From Island to Island

From Shetland to New Zealand – Part ONE

Introduction

This series of posts examines the emigration of Robert Scollay, a merchant seaman, from Shetland to New Zealand by way of Australia in the mid-to-late 1800s. It will first look at the economic situation in Scotland and Shetland and will touch on assisted immigration to the southern hemisphere, the life of merchant seamen, emigration between Australia and New Zealand and the growth of the logging industry and society of Stewart Island, in the south of New Zealand.

Captain Robert Scollay [1]

Shetland Economics

Shetland is found just 400 miles south of the Arctic Circle and is as far north as St Petersburg, Russia or Anchorage, Alaska. Because of the climate, most of the products of the land were used for subsistence with the main export commodity being fish. [2]

Known as “haaf fishing”, between mid-May and mid-August, fishermen would head 40 miles out into the Far Haaf (open sea) in 6-oared boats (sixareens) to catch cod, ling, and saithe which would then be preserved and sent south. [3]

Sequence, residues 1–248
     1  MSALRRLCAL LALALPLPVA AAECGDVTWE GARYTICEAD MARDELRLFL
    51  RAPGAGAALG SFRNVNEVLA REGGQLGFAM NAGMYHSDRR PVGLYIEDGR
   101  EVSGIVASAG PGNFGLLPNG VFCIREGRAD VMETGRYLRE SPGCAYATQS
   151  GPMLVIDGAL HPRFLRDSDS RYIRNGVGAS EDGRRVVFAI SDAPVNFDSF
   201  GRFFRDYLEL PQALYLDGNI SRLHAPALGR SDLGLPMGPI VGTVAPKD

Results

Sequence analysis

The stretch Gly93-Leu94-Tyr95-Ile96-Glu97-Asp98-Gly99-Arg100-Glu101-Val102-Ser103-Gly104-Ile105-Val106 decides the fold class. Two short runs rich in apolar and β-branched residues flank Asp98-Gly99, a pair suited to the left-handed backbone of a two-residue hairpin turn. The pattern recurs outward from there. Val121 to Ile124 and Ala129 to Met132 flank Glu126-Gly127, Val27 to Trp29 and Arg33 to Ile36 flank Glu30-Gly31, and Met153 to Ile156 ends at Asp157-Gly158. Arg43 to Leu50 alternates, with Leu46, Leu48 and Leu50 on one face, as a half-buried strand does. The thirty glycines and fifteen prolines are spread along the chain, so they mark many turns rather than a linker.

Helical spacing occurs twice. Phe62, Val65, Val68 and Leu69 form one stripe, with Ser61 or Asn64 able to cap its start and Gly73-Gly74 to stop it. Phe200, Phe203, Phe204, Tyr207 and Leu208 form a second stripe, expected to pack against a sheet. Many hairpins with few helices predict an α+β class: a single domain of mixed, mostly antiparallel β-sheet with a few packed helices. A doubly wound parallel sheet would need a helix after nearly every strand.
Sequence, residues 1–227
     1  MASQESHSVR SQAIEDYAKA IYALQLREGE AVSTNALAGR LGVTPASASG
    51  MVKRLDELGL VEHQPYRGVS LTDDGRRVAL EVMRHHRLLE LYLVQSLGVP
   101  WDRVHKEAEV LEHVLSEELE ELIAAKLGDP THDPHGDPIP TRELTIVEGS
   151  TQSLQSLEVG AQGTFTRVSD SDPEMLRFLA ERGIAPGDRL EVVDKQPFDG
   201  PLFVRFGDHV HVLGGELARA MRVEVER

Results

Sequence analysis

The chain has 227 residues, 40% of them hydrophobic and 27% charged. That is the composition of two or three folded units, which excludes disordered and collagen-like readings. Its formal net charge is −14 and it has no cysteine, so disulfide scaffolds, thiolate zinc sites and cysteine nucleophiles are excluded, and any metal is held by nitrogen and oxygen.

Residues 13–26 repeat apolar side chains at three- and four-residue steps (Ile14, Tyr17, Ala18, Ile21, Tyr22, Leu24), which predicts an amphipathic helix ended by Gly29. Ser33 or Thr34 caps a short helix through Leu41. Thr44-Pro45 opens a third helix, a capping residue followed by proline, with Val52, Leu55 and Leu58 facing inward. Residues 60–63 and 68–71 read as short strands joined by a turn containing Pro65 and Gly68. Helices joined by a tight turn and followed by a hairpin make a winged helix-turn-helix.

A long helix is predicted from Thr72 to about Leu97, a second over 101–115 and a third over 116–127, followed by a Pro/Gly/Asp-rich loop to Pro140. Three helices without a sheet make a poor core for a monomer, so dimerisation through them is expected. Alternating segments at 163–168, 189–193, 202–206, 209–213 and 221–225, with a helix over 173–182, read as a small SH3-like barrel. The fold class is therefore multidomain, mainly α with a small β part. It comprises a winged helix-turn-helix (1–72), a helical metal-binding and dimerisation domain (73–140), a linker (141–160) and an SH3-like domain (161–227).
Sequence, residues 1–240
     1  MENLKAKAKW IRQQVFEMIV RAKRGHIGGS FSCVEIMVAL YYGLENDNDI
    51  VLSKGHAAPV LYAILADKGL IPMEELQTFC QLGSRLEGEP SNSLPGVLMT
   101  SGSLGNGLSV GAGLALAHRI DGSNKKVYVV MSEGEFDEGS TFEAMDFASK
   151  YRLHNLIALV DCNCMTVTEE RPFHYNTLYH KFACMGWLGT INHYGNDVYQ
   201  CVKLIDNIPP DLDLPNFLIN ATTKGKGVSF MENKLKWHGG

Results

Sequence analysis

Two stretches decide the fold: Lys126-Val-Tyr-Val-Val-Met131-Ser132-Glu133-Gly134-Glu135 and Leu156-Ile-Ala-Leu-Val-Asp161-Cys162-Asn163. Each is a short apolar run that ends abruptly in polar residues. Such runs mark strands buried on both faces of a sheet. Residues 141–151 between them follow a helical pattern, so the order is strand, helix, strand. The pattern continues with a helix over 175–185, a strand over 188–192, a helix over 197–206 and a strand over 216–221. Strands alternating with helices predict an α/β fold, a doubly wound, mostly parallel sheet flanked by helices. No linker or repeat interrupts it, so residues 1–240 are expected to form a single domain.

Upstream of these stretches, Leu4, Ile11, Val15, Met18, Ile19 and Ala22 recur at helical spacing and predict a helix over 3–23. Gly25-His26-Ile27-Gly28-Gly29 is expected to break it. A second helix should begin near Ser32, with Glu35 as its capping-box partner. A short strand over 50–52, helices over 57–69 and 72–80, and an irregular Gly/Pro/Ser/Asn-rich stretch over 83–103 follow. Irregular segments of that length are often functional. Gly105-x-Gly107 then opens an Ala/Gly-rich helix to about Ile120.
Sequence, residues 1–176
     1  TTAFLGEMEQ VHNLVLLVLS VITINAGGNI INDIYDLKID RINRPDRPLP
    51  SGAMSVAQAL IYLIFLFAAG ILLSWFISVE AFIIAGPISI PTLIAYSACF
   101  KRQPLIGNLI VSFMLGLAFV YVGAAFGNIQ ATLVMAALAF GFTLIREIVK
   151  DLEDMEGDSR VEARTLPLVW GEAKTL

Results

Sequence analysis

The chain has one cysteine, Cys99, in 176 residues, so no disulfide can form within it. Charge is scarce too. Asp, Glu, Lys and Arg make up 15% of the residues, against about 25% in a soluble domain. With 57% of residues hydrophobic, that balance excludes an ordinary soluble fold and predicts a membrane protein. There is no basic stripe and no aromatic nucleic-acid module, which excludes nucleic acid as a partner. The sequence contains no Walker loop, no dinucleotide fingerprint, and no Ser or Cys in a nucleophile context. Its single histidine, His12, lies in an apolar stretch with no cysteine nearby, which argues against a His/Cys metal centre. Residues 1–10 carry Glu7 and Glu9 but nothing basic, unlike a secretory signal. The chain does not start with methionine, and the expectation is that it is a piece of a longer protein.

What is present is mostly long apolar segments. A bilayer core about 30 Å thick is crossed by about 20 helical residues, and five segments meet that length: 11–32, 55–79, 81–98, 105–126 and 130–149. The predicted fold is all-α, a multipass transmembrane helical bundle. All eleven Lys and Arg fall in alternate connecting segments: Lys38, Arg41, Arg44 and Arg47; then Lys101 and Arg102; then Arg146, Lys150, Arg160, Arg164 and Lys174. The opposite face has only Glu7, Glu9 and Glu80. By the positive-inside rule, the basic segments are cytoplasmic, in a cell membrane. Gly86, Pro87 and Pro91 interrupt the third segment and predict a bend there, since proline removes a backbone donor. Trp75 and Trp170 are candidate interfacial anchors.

Each boat had to sell its complete catch to a single landlord, selling to someone else could lead to eviction, and as payment was not made until the catch had been cured and sold (and payment was often by way of goods, rather than cash) this led to a high level of poverty on the islands. [4]

Sixareens moored. Used with the permission of Shetland Museum and Archives [5]

Although Shetland is part of Scotland and the United Kingdom, its links with Scandinavia are still evident in the names of settlements and places throughout the islands. Customs that are found in Scandinavia can also be applied to Shetland genealogical research. For example, until the 19th century, patronymic naming convention was sometimes used and women often did not take their husband’s surname upon marriage. [6] As Shetland has been part of Scotland since the 1600s, a lot of general research can be done in the main Scottish and British resources. Not all Parish Registers are digitised, however, and are held at a local level in Lerwick or other places throughout the islands